There has been a "significant regime shift" in the Arctic, says a new study conducted by a team of scientists from Stanford University in California. The research focused on the surge of phytoplankton, tiny algae, that are part of the food chain. In particular, scientists looked at the net primary production (NPP), the speed with which this algae reproduces, and converts sunlight and carbon dioxide into sugar that other creatures eat. Scientists said there has been a 57 percent increase in NPP between 1998 and 2018.
"The rates are really important in terms of how much food there is for the rest of the ecosystem. It's also important because this is one of the main ways that CO2 is pulled out of the atmosphere and into the ocean", said Kevin Arrigo, senior author of the study and professor at Stanford's School of Earth, Energy, & Environmental Sciences.
Previously, researchers linked the growth in NPP to the melting of ice as more areas of water became exposed to sunlight, hence algae converting sunlight more quickly. However, in 2009 when the rate of ice retreating dropped significantly, the rate of NPP continued to rise. Researchers say that this spike over the past decade occurred exclusively due to an increase in phytoplankton biomass, which grew every year. This is the first time that such growth has been reported in the Arctic Ocean.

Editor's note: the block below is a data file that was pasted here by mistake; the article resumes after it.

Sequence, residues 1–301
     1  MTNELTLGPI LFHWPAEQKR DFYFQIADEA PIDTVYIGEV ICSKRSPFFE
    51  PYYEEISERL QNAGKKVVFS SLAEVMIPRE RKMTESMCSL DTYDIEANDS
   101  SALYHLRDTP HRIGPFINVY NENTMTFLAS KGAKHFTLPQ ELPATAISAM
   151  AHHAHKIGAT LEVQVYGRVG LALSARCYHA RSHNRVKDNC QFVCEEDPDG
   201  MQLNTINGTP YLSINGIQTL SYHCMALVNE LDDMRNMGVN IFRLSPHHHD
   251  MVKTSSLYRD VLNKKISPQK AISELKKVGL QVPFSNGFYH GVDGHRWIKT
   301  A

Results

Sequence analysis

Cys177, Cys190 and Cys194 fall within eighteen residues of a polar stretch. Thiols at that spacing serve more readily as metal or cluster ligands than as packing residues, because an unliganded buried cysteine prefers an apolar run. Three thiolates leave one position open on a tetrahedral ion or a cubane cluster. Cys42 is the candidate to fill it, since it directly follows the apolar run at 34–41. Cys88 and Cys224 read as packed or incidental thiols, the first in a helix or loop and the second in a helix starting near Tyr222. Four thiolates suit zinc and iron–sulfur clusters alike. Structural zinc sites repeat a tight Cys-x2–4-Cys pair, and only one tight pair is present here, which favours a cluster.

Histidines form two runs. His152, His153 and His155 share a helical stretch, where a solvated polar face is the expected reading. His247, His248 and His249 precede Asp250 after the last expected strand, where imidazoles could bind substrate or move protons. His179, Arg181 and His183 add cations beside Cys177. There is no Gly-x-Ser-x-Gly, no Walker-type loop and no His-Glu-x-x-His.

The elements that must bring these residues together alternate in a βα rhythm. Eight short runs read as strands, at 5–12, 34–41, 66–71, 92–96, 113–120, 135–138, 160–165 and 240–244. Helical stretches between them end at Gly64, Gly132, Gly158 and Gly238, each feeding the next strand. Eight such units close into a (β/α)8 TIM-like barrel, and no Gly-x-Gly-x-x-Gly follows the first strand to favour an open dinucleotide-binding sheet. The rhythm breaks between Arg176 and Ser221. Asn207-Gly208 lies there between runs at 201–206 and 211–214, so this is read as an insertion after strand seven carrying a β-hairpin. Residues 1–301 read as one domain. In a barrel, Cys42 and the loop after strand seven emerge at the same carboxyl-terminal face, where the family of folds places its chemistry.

Scientists assume the jump is linked to an influx of nutrients flowing in from other oceans.
"We knew the Arctic had increased production in the last few years, but it seemed possible the system was just recycling the same store of nutrients. Our study shows that's not the case. Phytoplankton are absorbing more carbon year after year as new nutrients come into this ocean. That was unexpected, and it has big ecological impacts", said Kate Lewis, lead author of the study.
So what does this "significant regime shift" mean for the Arctic and its inhabitants? Scientists say the surge in NPP and more food for animals as a result is not necessarily a good thing. Professor Kevin Arrigo notes that there's going to be winners and losers. Although some animals will benefit from more food others will find difficult to adapt to living in an environment with melting ice.
As for the carbon dioxide, Professor Arrigo notes that the Arctic is too small to solve the planet’s problems. "It's taking in a lot more carbon than it used to take in, but it's not something we're going to be able to rely on to help us out of our climate problem".
Researchers say the Arctic Ocean could become more productive and export additional carbon in the future.